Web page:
Varieties of conditional statement

Frank Adams franka at mmintl.UUCP
Mon Oct 14 18:07:16 AEST 1985

In article <1703 at peora.UUCP> jer at peora.UUCP (J. Eric Roskos) writes:
>Some languages, such as Pascal and C, define conditional statements (this
>includes ifs, whiles, etc) like this:
>	<conditional> <statement>
>	if (x) <statement>
>You then have <statement> defined recursively as either of a simple
>statement, or as a sequence of statements delimited by a begin/end pair.
>However, this style has recently fallen into disfavor.  Thus we have the
>sort of definition that is in Ada, in which all conditional statements
>can contain one or more statements, like this:
>	<conditional-begin-type-1> {<statement>} <conditional-end-type-1>
>where the conditional itself is imbedded in the conditional begin.
>Now, I would argue that the latter is a "weaker" construct than the former.
>The reason is (among other things) that the <statement> which can be a
>compound statement can also have private data (and thus is a "block"),
>whereas the latter approach requires a separate "block" construct to be
>defined if you want to have a local scope of reference (and note that
>syntactically, defining a local scope of reference within each type of
>conditional is harder since the declarations have to be duplicated
>in each conditional type).

With the if ... endif type of syntax, one doesn't really need the concept
of a "statement".  The syntax is if <condition> <block of code> ... endif.
One never has a context where a single statement only is required.

One no more has to duplicate the declarations to permit a local scope of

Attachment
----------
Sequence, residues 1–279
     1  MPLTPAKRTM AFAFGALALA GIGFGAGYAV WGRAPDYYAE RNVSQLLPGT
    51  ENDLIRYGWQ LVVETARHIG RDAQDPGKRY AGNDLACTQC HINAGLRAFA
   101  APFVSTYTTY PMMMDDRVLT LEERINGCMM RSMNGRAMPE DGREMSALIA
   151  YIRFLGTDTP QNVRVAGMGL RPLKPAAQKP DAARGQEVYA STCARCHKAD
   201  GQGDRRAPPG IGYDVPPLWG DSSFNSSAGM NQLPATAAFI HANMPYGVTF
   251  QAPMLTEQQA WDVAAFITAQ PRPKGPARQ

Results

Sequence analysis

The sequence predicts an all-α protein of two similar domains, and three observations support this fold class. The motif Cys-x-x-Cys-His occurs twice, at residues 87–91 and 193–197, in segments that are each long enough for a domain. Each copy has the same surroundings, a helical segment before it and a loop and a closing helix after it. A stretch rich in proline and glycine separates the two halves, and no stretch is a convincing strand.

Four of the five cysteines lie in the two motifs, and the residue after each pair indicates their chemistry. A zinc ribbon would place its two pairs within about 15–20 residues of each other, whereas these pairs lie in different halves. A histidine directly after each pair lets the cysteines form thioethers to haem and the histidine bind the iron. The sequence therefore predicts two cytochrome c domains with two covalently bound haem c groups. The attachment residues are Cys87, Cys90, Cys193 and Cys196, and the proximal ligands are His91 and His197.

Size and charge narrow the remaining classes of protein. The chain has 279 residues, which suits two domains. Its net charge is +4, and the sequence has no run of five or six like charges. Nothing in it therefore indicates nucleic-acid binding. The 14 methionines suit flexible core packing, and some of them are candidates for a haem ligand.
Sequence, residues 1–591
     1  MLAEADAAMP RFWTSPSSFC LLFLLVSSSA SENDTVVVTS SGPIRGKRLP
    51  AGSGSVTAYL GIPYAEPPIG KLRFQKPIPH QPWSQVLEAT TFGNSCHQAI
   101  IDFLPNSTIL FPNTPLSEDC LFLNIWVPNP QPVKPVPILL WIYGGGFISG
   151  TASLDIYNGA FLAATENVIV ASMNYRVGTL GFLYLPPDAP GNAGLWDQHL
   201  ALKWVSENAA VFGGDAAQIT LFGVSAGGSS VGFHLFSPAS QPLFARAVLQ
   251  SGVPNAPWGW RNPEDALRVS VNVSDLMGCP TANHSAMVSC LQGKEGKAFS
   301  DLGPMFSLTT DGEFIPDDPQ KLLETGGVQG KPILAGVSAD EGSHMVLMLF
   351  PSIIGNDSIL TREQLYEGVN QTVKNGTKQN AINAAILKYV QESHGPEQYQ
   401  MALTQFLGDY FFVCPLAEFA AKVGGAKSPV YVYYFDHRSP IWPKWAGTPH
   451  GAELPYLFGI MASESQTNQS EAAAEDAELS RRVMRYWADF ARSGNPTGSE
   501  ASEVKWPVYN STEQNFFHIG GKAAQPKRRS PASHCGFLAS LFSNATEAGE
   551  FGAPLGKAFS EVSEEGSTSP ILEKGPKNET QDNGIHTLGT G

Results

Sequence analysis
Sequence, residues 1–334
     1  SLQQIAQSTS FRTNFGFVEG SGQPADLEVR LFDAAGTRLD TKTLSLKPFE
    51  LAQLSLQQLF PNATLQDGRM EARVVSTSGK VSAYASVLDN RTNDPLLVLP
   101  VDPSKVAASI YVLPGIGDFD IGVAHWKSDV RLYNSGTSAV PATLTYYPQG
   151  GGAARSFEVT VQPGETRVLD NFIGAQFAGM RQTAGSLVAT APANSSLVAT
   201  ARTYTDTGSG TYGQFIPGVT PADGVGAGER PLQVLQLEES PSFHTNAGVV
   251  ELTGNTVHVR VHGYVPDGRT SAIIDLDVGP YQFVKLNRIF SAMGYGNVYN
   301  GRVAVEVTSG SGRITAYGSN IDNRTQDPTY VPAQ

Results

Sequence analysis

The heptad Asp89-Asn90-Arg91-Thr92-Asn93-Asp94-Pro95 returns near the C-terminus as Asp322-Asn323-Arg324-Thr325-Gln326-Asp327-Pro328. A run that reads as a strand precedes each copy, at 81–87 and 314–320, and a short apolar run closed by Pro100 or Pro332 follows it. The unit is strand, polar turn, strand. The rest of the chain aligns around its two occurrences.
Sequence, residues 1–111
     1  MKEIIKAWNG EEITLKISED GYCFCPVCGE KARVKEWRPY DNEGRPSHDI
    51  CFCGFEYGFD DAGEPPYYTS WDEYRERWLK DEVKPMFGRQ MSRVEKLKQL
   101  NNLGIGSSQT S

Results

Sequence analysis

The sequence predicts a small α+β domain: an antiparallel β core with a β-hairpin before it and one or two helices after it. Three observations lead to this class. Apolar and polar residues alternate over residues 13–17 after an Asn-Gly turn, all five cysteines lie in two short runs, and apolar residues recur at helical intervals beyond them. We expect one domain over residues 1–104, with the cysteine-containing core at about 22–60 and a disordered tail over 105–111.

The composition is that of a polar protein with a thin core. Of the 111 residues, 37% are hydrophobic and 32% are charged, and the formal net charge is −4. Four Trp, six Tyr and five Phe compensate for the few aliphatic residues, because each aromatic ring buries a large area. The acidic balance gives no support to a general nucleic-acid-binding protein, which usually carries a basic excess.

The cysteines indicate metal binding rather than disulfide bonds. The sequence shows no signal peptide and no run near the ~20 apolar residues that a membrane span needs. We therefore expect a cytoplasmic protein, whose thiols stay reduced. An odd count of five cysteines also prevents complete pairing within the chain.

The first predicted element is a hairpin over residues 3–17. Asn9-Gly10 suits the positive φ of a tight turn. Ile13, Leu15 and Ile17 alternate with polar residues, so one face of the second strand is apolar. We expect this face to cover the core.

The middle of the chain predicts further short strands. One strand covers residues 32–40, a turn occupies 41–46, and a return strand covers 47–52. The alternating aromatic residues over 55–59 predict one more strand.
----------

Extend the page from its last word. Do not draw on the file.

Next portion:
reference in each conditional type than one has to duplicate the declaration
for an expression to permit expressions in, say, conditionals of if clauses
as well as in assignments.  Personally, I would favor doing so univerally;
every block of code should be permitted to have local declarations.

(The big disadvantage of having if's control single statements is that
"if ... then if ... then ... else ..." is ambiguous; which if does the else
go with?  This is well known, of course; I just though I'd repeat it in case
anyone has forgotten.)

Dealing specifically with c, I think you are right that the
   if (condition) {
syntax is based on the if ... endif idea.  But the appropriate indentation
for the if statement and compound expression interpretation (which is the
language definition) is
   if (condition)
which almost nobody likes.  From this point of view, we are trading off
the number of constructs in the language definition against the number of
constructs required in a particular piece of code.  No proposes that a
language should maximize the number of constructs in its definition; but
if you want to minimize them, write in assembler (or FORTRAN, if you want

I have sent this article to both net.lang and net.lang.c, but directed
followups to net.lang only.  Change this if your response fits better in

Frank Adams                           ihpn4!philabs!pwa-b!mmintl!franka
Multimate International    52 Oakland Ave North    E. Hartford, CT 06108

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